The next few days will probably be a beehive of activities and post-election drama. I'll give more updates as time goes on. Right now, I'm eagerly awaiting the announcements of the results of the Elections and then I can say hopefully that we are at the Break .... of a New Dawn! Amen.

12 comments:

Splendour said...

In fact, I was also tempted to turn back when I was going to vote and didn't see the usual crowd. What happened to the faithful Nigerians that turned out en-masse last week? Anyway I managed to find the courage to complete the journey to vote and did cast my vote; hopefully it would make a difference.

imnakoya said...

These are very important observations, particularly the possibility of INEC officials and party agents thumb-printing for absentee registrants.

That there is a low turnout shouldn't be a surprise given what happened last week.

Omodudu said...

Great info you have here. This is what I expected from every blogger. God bless you.

akin aworan said...

I've been monitoring events from the UK, and my main concern is for my family. Everyone should do their civic duty, but from the feedback I'm getting, will it all be for nought?

Anonymous said...

As a friend of the Nigerian people, I wish you all the best for all your efforts. Great work!

Tayo said...

lol @ splendour. Hopefully, i'm real hopeful too.
@imnakoya. Yes oh. People seem to have learnt a lesson
@omodudu. Thanks for your comment
@Akin Aworan, so you didn't vote eh? Wetin u dey do for UK?
@Anonymous, thanks for your well wishes.
Tomorrow is the DDay. I hope Nigerians will be pleasantly surprised.

linda ikeji said...

I didnt vote Tayo and I'm not ashamed to say it.I was not too comfortable leaving my home after all the reports i heard on tv.i didnt feel safe going out.besides, i sorta lost faith in the system.sad right?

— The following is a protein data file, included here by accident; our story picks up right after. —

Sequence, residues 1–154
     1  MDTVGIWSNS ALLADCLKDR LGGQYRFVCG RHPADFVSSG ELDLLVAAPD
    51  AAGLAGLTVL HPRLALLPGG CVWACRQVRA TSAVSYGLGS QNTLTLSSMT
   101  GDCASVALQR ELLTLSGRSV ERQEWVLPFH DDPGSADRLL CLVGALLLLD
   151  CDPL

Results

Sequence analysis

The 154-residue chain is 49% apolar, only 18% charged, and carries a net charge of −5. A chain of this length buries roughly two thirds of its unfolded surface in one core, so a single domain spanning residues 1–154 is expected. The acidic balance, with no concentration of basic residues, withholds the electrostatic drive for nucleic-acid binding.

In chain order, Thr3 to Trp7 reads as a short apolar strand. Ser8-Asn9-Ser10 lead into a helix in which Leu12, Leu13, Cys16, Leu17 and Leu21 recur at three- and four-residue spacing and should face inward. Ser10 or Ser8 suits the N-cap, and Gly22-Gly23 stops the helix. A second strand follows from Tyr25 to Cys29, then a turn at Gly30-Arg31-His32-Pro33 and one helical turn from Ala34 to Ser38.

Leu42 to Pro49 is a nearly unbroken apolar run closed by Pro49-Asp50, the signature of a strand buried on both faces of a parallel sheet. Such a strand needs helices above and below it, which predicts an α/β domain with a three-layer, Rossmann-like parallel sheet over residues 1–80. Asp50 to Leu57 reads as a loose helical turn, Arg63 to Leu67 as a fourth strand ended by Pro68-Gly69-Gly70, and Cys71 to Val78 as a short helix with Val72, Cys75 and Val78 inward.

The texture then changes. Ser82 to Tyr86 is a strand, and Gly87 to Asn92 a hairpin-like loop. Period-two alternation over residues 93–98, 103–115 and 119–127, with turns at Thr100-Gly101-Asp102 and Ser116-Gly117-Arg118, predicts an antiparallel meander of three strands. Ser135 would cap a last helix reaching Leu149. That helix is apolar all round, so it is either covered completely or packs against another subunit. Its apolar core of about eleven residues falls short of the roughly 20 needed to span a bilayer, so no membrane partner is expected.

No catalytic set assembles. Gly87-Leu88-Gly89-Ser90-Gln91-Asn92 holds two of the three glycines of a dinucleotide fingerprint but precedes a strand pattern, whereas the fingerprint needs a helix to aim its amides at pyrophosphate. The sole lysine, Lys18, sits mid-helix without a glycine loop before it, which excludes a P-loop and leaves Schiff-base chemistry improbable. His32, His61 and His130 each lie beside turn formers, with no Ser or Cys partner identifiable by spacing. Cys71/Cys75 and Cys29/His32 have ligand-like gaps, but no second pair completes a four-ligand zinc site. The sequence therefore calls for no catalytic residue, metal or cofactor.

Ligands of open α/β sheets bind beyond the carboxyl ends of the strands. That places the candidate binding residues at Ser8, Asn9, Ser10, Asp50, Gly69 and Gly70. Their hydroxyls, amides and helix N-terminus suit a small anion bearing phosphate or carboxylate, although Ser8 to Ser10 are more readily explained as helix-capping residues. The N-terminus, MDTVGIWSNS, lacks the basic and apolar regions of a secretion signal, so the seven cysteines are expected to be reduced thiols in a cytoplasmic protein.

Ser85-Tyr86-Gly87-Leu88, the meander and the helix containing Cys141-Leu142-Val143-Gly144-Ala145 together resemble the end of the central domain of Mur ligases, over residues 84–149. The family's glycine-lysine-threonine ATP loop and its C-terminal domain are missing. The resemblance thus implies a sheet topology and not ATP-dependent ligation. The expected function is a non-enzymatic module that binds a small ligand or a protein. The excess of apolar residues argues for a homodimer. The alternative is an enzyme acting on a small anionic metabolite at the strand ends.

truth said...

I liked your analysis of the method used in identifying those who voted. There are obviously several loop holes in that ridiculously 'rig-able' system. I can only wait and watch like everyone else.....
.....oh no, I think I'll watch and pray instead.

Anonymous said...

Well what can we say , my street was empty, save some boys playing football and some adults watching instead of voting, but by the time i got to the polling booth , one of the boxes was full, i was like ahhahhah, who come vote since nobody came out to vote. Anyway The general attitude was " We don know who go win". May GOd have mercy,
Anyway Tayo good work, I am someone that knows you very well. I mean one on one o. At the fullness of time i will MANIFEST who I am.( MANIFEST - that should give you a hint ).

Tayo said...

@Linda, you see what you've caused now. Why didn't you vote?
@Truth, We've have seen the outcome. I wish I could say the results were not rigged.
@Anonymous, Manifest yourself quick o! Manifest eh ... hmmmm!
Anyway, thanks @All for leaving your comments.

akin aworan said...

Ol boy, you never sabi enter High Commission wey dey for UK?? Man, Don't get me started. I'm also very, very cynical: what would the odds be that my vote would even count?

jamal said...

Itll be interesting to see how this pans out.